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Rebecca B. Carpenter

Clerk & Master
*Court official for Chancery & Probate Court.*
112 Main Avenue South
Room B-109
Fayetteville, TN 37334

Phone: (931) 433-1482
Fax: (931) 433-9313

Office Hours:
Monday - Friday

8:00 A.M. - 4:00 P.M.

*Closing most days at noon for lunch*

What is Chancery Court?

The word “chancery” is synonymous with “equity”.  So Chancery Court has come to be known as a Court of equity and is largely derived from the civil law of the Romans and its early development in England.  In England, the King was regarded as the “fountain of justice” and when any person believed that they had been wronged, they had the privilege of going before the King.  Because of the number and complexity of the complaints, the King would refer these people to his chief secretary, who was also called his Chancellor. The Chancellor’s office was one of great trust and confidence. In 1796, Chancery Court was incorporated into the Constitution and is embedded in the very foundation of our State government. Chancery Court hears such civil cases as adoptions, divorces, orders of protection, legitimations, divorce modifications, name changes, suits for damages, appeals from administrative hearings, suits for a specific performance, will contests, removal of disability of minority, declaratory judgments, suits to collect a debt, judicial hospitalizations, letters of agreement of the county officials, partition suits, delinquent property tax suits filed by the City and County, and other real estate matters.

What specifically is probate court in Tennessee? The probate court is vested with all the jurisdiction relating to the estates of minors, incompetent persons, or deceased individuals whether they died with or without a will. Some of these types of cases are probate in common form, probate in solemn form, intestate administration, ancillary administration, small estate affidavits, muniment of title administration, administration ad litem, guardianships, and conservatorships.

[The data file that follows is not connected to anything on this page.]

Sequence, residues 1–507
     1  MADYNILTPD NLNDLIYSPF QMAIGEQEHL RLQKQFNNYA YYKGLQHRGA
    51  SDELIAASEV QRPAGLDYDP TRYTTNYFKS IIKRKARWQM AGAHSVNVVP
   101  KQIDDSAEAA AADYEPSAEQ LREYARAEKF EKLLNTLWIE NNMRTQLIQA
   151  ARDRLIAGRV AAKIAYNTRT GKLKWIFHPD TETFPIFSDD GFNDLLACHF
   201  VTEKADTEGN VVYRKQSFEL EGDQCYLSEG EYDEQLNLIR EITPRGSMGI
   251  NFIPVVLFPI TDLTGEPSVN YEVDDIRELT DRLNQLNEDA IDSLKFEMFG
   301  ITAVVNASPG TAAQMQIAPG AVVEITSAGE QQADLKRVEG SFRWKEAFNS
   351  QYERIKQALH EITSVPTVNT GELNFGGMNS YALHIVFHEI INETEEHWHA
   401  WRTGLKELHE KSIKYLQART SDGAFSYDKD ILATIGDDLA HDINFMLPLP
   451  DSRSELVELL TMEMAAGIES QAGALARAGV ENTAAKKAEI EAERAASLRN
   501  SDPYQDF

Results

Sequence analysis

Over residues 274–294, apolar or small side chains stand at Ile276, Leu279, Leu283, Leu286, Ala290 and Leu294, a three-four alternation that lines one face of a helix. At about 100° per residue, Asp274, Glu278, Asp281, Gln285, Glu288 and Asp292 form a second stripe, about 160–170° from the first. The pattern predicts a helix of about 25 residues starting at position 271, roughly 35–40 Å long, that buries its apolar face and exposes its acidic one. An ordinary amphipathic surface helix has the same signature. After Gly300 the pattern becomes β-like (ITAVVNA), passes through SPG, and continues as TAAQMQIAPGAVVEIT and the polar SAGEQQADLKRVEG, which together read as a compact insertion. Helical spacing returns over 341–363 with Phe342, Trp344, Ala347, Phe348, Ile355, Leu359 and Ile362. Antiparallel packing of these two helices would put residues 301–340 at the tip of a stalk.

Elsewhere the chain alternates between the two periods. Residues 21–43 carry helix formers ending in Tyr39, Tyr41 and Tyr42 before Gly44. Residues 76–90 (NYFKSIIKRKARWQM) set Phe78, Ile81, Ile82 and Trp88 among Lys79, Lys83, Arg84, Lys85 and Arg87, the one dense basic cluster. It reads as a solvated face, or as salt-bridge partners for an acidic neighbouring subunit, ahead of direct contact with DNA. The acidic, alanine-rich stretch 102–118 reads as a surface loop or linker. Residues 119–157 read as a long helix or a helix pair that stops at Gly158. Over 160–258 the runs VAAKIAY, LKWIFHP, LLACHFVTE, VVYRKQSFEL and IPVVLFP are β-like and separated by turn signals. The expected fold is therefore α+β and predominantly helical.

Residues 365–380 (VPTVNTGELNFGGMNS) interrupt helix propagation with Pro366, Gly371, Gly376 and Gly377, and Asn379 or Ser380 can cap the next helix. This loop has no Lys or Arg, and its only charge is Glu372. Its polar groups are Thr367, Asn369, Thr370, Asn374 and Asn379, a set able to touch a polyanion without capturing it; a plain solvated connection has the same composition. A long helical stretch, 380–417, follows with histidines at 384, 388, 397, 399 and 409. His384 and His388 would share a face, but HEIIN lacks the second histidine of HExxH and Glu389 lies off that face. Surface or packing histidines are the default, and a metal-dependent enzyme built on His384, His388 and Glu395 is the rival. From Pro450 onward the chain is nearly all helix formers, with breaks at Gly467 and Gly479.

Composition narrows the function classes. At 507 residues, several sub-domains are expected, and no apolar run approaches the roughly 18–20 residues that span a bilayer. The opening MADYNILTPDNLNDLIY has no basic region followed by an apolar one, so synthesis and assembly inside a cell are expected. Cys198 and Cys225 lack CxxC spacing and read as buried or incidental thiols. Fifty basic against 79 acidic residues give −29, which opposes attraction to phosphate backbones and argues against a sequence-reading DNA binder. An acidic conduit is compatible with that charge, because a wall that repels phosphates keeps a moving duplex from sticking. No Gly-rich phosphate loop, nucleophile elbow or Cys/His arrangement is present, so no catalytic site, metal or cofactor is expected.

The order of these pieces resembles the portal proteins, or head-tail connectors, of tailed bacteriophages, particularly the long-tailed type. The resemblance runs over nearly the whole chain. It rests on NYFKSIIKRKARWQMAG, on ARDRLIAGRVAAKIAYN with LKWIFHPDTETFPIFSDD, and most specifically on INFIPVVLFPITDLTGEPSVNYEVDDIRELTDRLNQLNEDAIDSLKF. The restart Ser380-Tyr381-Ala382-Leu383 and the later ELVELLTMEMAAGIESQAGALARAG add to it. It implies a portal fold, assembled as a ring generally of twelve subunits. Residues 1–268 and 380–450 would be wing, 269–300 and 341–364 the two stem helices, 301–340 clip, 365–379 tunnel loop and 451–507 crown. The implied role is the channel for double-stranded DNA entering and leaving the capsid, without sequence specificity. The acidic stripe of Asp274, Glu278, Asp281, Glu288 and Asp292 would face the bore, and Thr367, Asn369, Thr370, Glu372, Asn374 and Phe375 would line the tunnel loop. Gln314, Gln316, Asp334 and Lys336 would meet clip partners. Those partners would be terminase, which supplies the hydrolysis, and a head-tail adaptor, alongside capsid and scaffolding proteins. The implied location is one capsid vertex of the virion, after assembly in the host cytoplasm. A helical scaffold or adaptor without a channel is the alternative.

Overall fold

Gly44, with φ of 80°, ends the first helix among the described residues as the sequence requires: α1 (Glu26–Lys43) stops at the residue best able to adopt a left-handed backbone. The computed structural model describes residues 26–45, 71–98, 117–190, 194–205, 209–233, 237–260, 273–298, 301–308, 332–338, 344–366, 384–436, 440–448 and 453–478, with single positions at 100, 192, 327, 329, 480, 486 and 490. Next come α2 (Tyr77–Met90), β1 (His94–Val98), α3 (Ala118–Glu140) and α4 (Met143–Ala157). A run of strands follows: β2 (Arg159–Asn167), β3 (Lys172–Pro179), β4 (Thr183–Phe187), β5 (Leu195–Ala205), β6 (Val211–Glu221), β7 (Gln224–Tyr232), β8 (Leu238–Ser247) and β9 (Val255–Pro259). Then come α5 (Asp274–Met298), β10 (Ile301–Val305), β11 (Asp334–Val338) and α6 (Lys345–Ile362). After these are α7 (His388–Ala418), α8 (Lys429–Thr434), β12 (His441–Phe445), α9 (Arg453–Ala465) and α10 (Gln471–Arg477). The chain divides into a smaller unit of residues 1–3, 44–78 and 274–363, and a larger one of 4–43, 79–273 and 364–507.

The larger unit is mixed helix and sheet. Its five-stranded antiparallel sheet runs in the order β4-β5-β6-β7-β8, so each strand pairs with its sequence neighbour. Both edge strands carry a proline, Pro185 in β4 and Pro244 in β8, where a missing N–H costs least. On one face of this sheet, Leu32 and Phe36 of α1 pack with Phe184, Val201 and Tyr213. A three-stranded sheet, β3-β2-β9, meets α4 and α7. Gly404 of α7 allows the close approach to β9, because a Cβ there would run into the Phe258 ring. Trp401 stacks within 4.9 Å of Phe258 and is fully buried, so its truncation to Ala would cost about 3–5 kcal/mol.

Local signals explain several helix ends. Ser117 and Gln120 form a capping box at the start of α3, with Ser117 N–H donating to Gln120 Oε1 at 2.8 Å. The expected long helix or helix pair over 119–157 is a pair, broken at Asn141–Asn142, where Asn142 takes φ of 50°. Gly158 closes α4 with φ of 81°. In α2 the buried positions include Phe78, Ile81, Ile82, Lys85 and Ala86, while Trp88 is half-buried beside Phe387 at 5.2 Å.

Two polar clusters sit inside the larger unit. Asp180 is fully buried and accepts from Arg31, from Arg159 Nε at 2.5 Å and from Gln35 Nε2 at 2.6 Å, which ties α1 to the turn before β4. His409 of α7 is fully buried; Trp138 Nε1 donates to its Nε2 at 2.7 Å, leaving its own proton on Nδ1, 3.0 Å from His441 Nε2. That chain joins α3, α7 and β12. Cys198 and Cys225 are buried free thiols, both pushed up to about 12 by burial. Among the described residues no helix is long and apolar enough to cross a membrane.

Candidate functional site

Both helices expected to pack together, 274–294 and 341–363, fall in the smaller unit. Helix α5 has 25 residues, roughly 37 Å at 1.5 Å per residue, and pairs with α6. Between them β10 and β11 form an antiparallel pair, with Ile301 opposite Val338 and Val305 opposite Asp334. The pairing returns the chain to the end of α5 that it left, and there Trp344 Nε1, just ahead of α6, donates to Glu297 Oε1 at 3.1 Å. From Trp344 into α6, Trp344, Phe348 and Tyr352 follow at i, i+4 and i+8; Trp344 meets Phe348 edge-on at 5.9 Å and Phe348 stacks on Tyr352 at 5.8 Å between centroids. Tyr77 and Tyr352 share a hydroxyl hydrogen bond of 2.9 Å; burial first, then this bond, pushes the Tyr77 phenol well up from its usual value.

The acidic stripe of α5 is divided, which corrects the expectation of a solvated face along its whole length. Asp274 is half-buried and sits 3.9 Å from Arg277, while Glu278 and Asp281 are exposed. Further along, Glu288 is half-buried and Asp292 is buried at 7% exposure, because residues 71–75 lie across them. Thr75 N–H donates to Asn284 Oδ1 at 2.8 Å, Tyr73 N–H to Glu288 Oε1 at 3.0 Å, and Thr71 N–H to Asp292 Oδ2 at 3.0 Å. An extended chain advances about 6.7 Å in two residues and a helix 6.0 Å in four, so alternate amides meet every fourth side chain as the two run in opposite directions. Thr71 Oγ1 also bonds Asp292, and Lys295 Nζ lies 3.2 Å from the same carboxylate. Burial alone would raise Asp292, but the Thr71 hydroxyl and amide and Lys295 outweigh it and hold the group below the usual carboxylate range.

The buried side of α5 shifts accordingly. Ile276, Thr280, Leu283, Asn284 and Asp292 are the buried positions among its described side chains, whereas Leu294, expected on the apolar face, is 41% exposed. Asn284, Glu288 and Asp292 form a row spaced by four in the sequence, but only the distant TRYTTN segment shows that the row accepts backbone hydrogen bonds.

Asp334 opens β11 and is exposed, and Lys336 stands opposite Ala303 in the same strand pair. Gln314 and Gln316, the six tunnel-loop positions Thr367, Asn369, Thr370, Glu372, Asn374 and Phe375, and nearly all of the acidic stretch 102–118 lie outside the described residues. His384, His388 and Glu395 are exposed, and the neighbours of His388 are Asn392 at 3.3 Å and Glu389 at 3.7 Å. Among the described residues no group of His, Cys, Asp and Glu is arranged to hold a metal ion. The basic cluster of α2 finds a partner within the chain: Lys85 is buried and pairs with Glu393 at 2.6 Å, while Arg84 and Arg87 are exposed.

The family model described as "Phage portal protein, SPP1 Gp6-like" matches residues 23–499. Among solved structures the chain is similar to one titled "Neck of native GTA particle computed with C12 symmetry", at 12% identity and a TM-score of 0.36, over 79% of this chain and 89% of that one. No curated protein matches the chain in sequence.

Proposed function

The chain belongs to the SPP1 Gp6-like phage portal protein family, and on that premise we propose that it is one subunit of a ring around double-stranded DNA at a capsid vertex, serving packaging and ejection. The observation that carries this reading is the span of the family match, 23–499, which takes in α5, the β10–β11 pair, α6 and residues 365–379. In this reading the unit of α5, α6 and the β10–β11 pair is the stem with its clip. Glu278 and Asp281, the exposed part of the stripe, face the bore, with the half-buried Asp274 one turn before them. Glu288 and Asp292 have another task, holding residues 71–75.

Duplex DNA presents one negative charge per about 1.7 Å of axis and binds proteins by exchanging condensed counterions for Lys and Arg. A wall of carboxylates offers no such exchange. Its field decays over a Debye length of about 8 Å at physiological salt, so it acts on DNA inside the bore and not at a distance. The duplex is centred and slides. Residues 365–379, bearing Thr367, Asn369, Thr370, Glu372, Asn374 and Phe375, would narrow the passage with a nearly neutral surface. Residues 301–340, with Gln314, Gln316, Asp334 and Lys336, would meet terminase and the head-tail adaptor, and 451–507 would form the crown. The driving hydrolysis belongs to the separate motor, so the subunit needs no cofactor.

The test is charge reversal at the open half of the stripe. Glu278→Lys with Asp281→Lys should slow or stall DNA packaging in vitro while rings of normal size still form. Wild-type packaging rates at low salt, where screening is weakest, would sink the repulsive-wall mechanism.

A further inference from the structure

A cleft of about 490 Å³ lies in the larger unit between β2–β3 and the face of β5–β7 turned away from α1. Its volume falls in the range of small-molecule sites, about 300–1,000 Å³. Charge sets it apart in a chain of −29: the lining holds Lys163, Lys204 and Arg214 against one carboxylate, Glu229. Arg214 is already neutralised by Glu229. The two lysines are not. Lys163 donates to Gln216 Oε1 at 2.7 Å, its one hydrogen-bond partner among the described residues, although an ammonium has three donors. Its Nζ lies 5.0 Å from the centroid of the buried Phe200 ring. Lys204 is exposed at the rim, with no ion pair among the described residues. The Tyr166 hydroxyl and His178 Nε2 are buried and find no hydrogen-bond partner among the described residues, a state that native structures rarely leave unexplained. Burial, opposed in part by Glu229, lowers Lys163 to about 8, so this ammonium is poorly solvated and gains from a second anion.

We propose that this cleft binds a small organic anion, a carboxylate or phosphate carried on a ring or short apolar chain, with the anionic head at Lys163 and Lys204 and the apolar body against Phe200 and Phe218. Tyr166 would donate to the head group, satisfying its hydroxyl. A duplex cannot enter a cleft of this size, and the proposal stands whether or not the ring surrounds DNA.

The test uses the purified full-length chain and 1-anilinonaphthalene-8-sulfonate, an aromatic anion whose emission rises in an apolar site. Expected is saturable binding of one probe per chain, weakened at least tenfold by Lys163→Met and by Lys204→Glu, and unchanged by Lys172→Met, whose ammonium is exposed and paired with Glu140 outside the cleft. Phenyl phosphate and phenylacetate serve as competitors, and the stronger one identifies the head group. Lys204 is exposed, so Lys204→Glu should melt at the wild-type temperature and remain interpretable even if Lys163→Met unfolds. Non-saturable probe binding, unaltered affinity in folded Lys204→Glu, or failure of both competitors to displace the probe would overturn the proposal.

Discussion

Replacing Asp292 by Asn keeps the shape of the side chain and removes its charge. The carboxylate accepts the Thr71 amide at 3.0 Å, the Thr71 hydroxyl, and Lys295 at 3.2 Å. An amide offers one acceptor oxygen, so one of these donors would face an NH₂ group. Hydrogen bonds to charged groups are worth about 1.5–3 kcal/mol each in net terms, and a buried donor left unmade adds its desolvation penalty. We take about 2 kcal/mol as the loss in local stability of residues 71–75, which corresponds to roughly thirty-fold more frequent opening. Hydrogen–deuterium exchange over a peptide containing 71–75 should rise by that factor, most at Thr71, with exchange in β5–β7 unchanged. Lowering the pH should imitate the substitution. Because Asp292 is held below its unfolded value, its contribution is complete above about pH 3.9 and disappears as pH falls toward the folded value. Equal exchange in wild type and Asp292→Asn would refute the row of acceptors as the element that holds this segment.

Rebecca is the 13th Clerk and Master to serve Lincoln County, and she is appointed to her position by J. B. Cox, the Chancellor for our Judicial District.

In 1984, the state trial courts were divided into 31 judicial districts, and Lincoln County is in the 17th judicial district along with Bedford, Moore, and Marshall Counties.

The Clerk of the Chancery Court, in addition to all the duties and powers that Court Clerks generally have, is also authorized to perform all the functions of a Master in Chancery and is therefore given the title of Clerk and Master.  This is a big difference between a Court Clerk and a Master in Chancery. The duties of a court clerk are, for the most part, clerical.  The powers of a court clerk are strictly defined by law and/or orders of the court, have no judicial function and clerks generally have little discretion. The Master, on the contrary, is a judicial officer and is clothed with many powers of the Chancellor. Like, signing orders of probate, investigating and reporting to the court on specific matters, take depositions, to name a few, there is a long list of these “quasi-judicial” duties.